Mongolia: Russian Christians bring God’s love to the steppes

Mongolia: Russian Christians bring God’s love to the steppes

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Mongolia: Russian Christians bring God’s love to the steppes

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Young Christians from Russia are passionately reaching out to unreached people groups on the steppes of Western Mongolia.

Mongolia is one of the world’s least densely populated countries, with just over three million people. More than half live in the bustling capital city of Ulaanbaatar. The rest of Mongolia, which is roughly three times the size of France, has vast, treeless grasslands, where most people live a nomadic lifestyle raising sheep, goats, cattle, camels and horses.

CBN correspondent George Thomas recently joined 46 Christians from neighboring Russia heading to four remote Mongolian provinces where few have heard the message of Christ’s love. Russian pastor and missionary Pavel Barsokov led the mission. “The heart of my Lord Jesus Christ is for the lost and hurting,” he said. “I want to have the same heart.” From his home in Krasnoyarsk, Russia, he regularly takes the difficult two-day drive to Western Mongolia.

Each time he comes, he brings with him young Russian Christians trained and equipped to serve as possible missionaries and evangelists. “What I am attempting to do is raise a new generation of Russian believers who will have an understanding of Christ’s love for the world and the role they must play in bringing the good news to the unreached.”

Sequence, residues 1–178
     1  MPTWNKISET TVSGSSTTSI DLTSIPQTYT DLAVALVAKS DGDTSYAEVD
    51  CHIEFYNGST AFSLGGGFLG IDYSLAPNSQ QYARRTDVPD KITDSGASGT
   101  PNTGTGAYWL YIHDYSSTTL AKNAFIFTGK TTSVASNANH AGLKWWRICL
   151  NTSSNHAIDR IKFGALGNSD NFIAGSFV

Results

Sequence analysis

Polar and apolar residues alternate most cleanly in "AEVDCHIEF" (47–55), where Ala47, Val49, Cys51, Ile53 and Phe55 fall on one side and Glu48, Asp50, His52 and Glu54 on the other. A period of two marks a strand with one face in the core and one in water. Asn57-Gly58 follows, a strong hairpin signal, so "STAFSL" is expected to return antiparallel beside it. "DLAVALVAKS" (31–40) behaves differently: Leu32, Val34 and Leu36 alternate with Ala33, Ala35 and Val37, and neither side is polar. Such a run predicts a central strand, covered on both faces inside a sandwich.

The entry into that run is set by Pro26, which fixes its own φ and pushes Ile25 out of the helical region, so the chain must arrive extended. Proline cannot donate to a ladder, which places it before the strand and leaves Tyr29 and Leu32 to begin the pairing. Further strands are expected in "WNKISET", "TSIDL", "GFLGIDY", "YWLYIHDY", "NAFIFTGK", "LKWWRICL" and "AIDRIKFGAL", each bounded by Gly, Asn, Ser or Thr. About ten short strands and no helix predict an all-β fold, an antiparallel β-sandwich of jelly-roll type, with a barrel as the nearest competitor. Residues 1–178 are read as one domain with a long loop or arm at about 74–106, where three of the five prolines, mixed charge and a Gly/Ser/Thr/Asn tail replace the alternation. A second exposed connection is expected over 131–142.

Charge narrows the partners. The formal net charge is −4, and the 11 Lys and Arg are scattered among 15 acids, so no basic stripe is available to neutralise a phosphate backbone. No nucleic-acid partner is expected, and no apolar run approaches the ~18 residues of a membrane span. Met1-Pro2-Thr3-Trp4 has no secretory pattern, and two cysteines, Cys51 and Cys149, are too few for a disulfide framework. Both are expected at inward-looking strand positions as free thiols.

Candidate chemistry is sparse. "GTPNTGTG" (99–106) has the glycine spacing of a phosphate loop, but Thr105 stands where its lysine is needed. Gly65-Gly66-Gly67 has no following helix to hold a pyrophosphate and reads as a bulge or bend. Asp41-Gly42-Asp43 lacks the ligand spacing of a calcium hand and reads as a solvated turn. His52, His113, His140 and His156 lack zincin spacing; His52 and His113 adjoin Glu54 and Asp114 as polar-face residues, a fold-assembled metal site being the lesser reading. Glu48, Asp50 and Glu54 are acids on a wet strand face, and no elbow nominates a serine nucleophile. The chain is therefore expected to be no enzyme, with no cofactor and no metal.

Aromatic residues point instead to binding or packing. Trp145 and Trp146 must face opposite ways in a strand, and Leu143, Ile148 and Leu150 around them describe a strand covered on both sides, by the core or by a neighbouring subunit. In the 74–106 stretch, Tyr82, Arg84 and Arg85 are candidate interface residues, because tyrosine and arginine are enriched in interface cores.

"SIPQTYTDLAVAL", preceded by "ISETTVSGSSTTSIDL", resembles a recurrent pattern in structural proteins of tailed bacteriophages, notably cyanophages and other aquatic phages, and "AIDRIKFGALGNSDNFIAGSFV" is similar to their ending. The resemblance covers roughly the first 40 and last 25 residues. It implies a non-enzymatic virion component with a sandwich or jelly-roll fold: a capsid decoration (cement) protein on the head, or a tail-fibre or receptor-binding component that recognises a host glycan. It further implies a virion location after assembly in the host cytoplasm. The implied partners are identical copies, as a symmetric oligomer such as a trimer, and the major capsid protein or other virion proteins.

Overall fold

One of these young people is Natasha Gorodnuk who wants to serve as a missionary to Nepal. “Every time I think about it, my heart breaks because I know the calling on my life and I know what I’m supposed to do,” she said.

For several weeks Natasha and four-dozen other Russians partnered with Mongolian Christians to hold evangelistic camps for young people to see their lives changed. Lives like that of 22-year-old Buyanaa Davaasambuu. She accepted Christ while attending camp here as a little girl. Davaasambuu graduated from Bible college in May and is preparing to go on the mission field. For others like 16-year-old Mashbat Bassan, a Buddhist, this was the first time learning about Christianity. “Before coming to this camp, I never heard about God,” he said. “I learned in the Bible study today that this God created the heavens and the earth, the animals and creatures of the sea. I never knew.”

Shortly after the fall of communism, there were only ten believers in the entire country. Today, 26 years later, some 60,000 believers are spread across this vast nation.

Source: Pavel Barsokov, Natasha Gorodnuk, George Thomas

# 1050 | September 4, 2017




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